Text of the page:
What's That In My Retinal Photo? Hemorrhage at the Nerve

9:18 PM

For today's edition of "What's That in My Retinal Photo?" I decided to delve a little deeper--not just what, but why?  Many times finding the issue is just the first step; what caused the issue is where the real problem solving starts.

At first glance, maybe this photo looks very normal. But if you look more carefully at the superior edge of the optic nerve, you will see a circular red area that is a retinal hemorrhage.  A hemorrhage is blood inside of the eye, in this case trapped in a layer of the retina underneath the overlying retinal arterioles and venules (you can see the vessel clearly passing over top of it).  Blood in the retina is never good (especially not near the nerve where it could be a harbinger of serious ocular conditions like glaucoma), and when I see blood there is a lengthy discussion to be had.  The good news: this type of small hemorrhage in and of itself does not cause vision damage, and will be reabsorbed by the ocular tissue and gone in around 3 months, like nothing was ever there.  Bleeding inside the eye isn't painful, and unless your doctor finds it during your exam, likely you would never even know it was there.  So why do we worry so much about blood in the eye?  Because it means a number of things could be going wrong in your body (not just your eye!).  Here's a differential overview of what I need to investigate when I see blood inside a patient's eye:

  • Hypetension, Diabetes, or other systemic vascular condition
If a medical condition causes issues with blood flow, then it can cause bleeding inside the eye.  Diabetic retinopathy tends to cause multiple pinpoint dot hemorrhages, whereas hypertensive retinopathy tends to be associated with larger flame shaped hemorrhages.  In any case, a full work up for blood pressure, blood sugar, cholesterol levels, and hypercoagulable states may be needed when blood is found inside the eye.

  • Glaucoma
The position of this hemorrhage near the optic nerve is especially suspicious for glaucoma.  A drance hemorrhage (it is so special it has it's own name!) tends to be flame shaped, and near the area of the optic nerve that is suffering active thinning and damage.  When I see a hemorrhage at or next to the nerve, glaucoma is always on the top of my list so ordering a full glaucoma work-up (visual field, OCT, pressure checks) is a next step.  Normal Tension Glaucoma (also called Low Tension Glaucoma) appears to be more closely associated with drance hemes, and this type of glaucoma often goes untreated longer because the patient will appear to have normal eye pressure at their yearly examinations.  The appearance of a drance heme is often a first signal to a doctor that something must be wrong if pressures run low in a patient's eye.

  • Valsalva Event
Have you ever popped a blood vessel on the white of your eye due to coughing, sneezing, or straining too hard?  Well any strain of this nature can cause a vessel inside the eye to bust also.  Basically if you are putting undue strain on your vessels, they can break open and blood will leak temporarily into the surrounding tissue.  Ocular vessels are some of the smallest in the body, so they are very at risk to break.  Coughing, sneezing, lifting heavy weights, and vomiting are common culprits.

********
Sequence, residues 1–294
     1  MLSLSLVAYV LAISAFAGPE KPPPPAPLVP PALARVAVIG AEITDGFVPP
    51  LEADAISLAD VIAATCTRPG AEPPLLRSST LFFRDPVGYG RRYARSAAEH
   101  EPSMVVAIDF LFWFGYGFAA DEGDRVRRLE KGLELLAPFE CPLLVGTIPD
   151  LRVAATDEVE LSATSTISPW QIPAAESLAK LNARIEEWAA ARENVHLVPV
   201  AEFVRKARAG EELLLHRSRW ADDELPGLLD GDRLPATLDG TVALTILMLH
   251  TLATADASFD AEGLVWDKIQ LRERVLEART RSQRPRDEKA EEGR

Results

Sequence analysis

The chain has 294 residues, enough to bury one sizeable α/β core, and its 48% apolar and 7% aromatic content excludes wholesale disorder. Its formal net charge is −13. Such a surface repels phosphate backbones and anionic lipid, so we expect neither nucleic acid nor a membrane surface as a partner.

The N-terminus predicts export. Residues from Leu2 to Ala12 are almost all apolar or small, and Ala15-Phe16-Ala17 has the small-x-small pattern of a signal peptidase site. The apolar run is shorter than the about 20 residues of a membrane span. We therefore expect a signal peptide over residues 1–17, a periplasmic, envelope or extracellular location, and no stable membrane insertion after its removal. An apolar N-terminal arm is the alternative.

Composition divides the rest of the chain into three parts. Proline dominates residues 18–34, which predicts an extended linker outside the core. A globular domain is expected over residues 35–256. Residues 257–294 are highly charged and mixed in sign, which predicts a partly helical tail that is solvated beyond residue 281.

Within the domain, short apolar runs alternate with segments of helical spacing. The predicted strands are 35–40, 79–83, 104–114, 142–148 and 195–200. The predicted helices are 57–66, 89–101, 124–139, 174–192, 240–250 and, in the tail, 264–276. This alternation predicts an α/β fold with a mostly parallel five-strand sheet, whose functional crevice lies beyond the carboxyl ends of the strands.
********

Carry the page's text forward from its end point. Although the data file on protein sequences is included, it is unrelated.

• New Floater

Have you ever had a floater appear all of a sudden, like a fly or black speck in your vision that just won't go away.  Floaters really are inside the eye, a clump of the vitreous jelly that fills the eye that has pulled together and broken loose.  Sometimes when a large area of the vitreous pulls away from the retinal tissue, the tractional force of the floater breaking off can cause a blood vessel to bust open.  This is common in conditions like Posterior Vitreal Detachment which is a normal aging change that occurs when the vitreous separates from the back of the eye permanently.  Of course, a new sudden floater and blood in the eye can also be a sign of a retinal tear, so please see your doctor immediately if you see a new floater or flashing lights in your vision.

  • High Risk Medications
Hard to believe, but sometimes the medications that you are taking to keep your body healthy can cause damage to your blood vessels as a side effect.  Very common medications that cause hemorrhages inside the eye are blood thinners such as Warfarin, Coumadin, and even Aspirin. If you are taking a blood thinner, you should be having yearly eye exams to make sure that the dosage prescribed isn't causing the blood vessels to leak.  If there is bleeding inside the eye as a side effect of these medications, usually lowering the dosage can solve the issue.

This is not an exhaustive list, but look at all the potential culprits for a spot of blood in the eye!  Your eye doctor is not only trained to find these broken blood vessels, but also to determine the cause of your bleed before any permanent harm from systemic or ocular diseases can cause actual vision loss or major health issues.  Many people have had high blood pressure and diabetes diagnosed due to problems being caught at their routine eye exam!  The eye is truly the window into the body, and your eye doctor will work closely with your primary care doctor, cardiologist, endocrinologist, neurologist, or any other specialist that is treating you medically to help use the information found on your eye exam to keep your eyes and your entire body healthy for years to come.

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